Sally Benton Post, November 7, 2010

We’ve had a busy two weeks, and they’ve been very rewarding.

Arriving in Khandbari, in eastern Nepal, we received a warm welcome from Sunita Gurung, our student hostel manager at the Himalaya Education Center. She is an exceptional young woman. She speaks not only her own language, but also Nepali, Bhotia and English. While working on her master’s degree, she mentors 13 young women who are also on their path towards a master’s degree in education. Some of them are as young as 12 years old.

The girls are chosen by Sunita and local school representatives (being top students and desiring to be teachers). It is quite a sacrifice for the children and their families, as the girls live far away from home, sometimes for years, while they attend school in Khandbari. Students walk 2-4 days (and these are very long days) to come to the hostel. They go home for some breaks during the year including a long holiday in the summer, but living away from home is quite challenging. Their families depend on their children for the many chores farming demands, and therefore for them to allow their daughters to live away from home demonstrates the strong belief they have in the worth of an education.

Our work in the mountains mainly was to open two new school libraries. The hostel students had been home for a major holiday, and so while we were walking up to the villages, they were returning down the path to school. What a treat to pass a young girl, who stopped, looked back, and then shyly asked if we were with Ten Friends.

Mary, her sister Thea and I walked from Khandbari 5 days up the Arun River valley, retreating farther and farther from the modern world. We had absolutely stunning scenery and occasionally very intense hiking up and down the trails.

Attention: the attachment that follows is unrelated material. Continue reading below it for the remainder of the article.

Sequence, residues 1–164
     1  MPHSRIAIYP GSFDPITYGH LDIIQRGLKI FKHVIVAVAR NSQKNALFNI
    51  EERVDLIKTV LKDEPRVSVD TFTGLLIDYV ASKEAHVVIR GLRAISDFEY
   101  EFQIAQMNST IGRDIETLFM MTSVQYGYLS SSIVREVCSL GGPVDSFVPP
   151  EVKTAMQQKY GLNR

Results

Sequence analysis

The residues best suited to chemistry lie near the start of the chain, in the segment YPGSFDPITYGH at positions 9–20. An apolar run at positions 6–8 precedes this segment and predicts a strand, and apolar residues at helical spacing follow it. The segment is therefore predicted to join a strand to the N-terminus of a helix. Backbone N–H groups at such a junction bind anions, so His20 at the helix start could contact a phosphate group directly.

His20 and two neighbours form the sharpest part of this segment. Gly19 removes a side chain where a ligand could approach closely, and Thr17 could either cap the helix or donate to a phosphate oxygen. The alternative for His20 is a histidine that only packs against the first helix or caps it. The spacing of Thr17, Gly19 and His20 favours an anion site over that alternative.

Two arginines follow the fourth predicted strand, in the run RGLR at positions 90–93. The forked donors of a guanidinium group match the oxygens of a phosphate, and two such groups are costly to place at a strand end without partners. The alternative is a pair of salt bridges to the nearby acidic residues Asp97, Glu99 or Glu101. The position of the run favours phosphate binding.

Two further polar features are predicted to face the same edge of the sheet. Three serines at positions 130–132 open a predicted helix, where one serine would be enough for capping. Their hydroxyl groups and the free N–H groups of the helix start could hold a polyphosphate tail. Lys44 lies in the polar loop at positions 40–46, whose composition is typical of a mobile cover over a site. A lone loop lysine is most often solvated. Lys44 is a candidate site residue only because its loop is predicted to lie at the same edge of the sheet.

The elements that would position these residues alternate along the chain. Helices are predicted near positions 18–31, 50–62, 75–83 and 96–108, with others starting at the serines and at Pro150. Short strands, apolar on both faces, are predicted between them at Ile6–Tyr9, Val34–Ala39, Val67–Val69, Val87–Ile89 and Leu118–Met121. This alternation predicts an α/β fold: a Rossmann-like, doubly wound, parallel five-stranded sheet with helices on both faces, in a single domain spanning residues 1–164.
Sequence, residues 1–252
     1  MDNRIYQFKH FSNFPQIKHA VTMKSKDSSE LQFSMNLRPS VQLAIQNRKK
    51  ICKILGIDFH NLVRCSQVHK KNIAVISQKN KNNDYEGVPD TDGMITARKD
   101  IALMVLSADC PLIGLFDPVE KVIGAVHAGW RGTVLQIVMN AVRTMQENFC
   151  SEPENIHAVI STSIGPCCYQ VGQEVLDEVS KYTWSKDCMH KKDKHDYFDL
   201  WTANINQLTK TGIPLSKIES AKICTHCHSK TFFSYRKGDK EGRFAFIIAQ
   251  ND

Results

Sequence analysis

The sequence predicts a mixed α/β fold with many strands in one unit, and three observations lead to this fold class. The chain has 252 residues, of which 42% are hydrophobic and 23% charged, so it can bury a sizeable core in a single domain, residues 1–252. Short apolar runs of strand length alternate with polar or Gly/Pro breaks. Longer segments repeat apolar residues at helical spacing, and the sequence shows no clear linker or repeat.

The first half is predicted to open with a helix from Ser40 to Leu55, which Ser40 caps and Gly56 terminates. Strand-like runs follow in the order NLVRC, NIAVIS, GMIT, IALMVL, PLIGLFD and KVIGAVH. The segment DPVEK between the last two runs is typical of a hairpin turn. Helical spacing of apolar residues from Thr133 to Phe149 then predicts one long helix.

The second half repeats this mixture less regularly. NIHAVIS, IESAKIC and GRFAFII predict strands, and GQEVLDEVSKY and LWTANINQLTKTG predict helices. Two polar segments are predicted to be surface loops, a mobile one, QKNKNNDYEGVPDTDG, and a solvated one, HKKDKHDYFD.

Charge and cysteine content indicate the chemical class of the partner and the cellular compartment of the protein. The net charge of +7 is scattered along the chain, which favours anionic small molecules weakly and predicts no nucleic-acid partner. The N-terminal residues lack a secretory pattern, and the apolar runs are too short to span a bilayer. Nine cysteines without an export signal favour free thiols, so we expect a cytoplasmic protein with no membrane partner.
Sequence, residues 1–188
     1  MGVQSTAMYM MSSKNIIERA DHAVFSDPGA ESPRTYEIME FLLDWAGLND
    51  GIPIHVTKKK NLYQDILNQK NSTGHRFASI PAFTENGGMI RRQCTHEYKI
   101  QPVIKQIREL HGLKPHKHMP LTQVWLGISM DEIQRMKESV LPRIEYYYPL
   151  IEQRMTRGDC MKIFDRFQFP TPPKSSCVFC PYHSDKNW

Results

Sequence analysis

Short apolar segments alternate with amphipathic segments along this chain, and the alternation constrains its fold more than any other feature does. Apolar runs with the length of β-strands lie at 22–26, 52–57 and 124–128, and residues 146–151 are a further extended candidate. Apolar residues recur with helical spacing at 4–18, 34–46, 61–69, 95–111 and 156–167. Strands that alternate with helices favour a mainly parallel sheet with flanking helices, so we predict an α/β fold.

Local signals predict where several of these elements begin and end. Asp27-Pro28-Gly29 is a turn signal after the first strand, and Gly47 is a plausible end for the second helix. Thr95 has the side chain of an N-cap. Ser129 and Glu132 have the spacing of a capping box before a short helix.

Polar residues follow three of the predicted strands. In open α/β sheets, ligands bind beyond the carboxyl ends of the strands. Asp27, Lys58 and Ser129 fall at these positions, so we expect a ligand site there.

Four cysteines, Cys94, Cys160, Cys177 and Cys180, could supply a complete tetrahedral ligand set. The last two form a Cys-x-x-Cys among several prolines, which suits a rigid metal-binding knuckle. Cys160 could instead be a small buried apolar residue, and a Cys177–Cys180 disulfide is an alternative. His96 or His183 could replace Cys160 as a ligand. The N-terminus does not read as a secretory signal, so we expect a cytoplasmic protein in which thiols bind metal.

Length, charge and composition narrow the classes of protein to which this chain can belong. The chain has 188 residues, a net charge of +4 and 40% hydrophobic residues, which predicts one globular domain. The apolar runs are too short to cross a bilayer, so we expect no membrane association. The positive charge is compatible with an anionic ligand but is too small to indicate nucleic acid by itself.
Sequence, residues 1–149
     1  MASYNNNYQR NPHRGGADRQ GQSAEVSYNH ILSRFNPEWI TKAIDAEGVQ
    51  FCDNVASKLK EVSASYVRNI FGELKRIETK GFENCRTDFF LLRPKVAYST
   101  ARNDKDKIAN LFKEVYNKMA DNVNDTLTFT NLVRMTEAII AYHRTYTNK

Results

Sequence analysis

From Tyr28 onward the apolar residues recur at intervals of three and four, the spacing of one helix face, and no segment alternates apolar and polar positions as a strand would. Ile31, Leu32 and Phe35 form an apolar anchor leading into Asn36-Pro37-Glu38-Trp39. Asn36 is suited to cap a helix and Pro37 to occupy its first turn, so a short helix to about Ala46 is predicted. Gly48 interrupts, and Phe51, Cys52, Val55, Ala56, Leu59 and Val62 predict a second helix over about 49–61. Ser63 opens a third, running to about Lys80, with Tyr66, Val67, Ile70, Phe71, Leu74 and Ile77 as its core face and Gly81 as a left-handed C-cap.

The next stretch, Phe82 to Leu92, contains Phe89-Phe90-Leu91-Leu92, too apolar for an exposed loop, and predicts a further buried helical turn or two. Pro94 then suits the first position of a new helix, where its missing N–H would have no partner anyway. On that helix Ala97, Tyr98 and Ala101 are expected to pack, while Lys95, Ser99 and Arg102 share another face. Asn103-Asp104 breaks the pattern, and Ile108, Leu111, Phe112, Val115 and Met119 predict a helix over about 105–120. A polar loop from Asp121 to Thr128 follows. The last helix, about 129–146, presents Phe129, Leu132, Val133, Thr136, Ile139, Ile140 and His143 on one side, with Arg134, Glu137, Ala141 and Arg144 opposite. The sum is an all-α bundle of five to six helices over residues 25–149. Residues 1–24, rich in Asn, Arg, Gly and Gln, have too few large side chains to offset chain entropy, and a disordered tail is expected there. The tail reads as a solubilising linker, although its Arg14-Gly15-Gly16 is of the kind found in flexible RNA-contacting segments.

On the fifth day, we reached Gola, where there is an upper secondary school (6th through 8th grade).Arrangements were made to have the official presentation of the books and library opening the next day at Gola and Sibrung, the next village up the hill.

The books we’d bought with Ten Friends donations had quite a journey getting to the villages as well. 800 books were to be delivered. Sunita had hired 4 porters to carry them up, but one got ill, and somehow the books all were left an hour outside of Khandbari at her brother’s store. When we walked through town, we discovered this, and Sunita figured out an alternative. The most efficient way was for her father to arrange for them to be carried by mule train. We were hoping they would arrive the same day we would, and they did!

Early the next morning we hiked up the hill, with our own porter carrying a load of about 200 books, and a porter from Sibrung carrying the rest. Upon our arrival we were given a traditional meal of dal bhat (rice and lentils) at a local home, and then went down to the school for the celebration. We were not prepared for the grandness of the event. The children of the school were all lined up, singing the national anthem. We were given seats of honor, and opening speeches were given. This was followed by elder women of the community doing an energetic dance for us. The children came up and placed garland after garland of marigolds, poinsettias and other local flowers over our heads. Next they placed cream colored scarves called katas around our necks. Tikas followed – red marks of powder placed on our foreheads as a sign of respect. We were asked to speak about Ten Friends, and then we all went to the library, where we cut the ribbons placed across the shelves of the brand new wall to wall bookcase. Symbolically placing books on the shelves completed the formalities, and then the children and their parents crowded in and had a chance to hold and read some of the books. Such smiling, laughing and joy.

The event was much the same in Gola, and the community members at each village expressed to us their great happiness at finally having books and a library at their schools. There is something about the gift of books and what they represent to the teachers and the community that fills your heart. Each person who spoke to the children about the library emphasized how precious books were, and how they allow everyone to understand their own and the larger world. These books will be read with great enthusiasm, and truly represent education and knowledge as a path to their future goals.

How grateful I feel to have witnessed this gift from all those donors in the US to the children of these villages in Nepal. The communities thanked all of you for your generosity, and we were very proud to represent you.

All good things,

Sally

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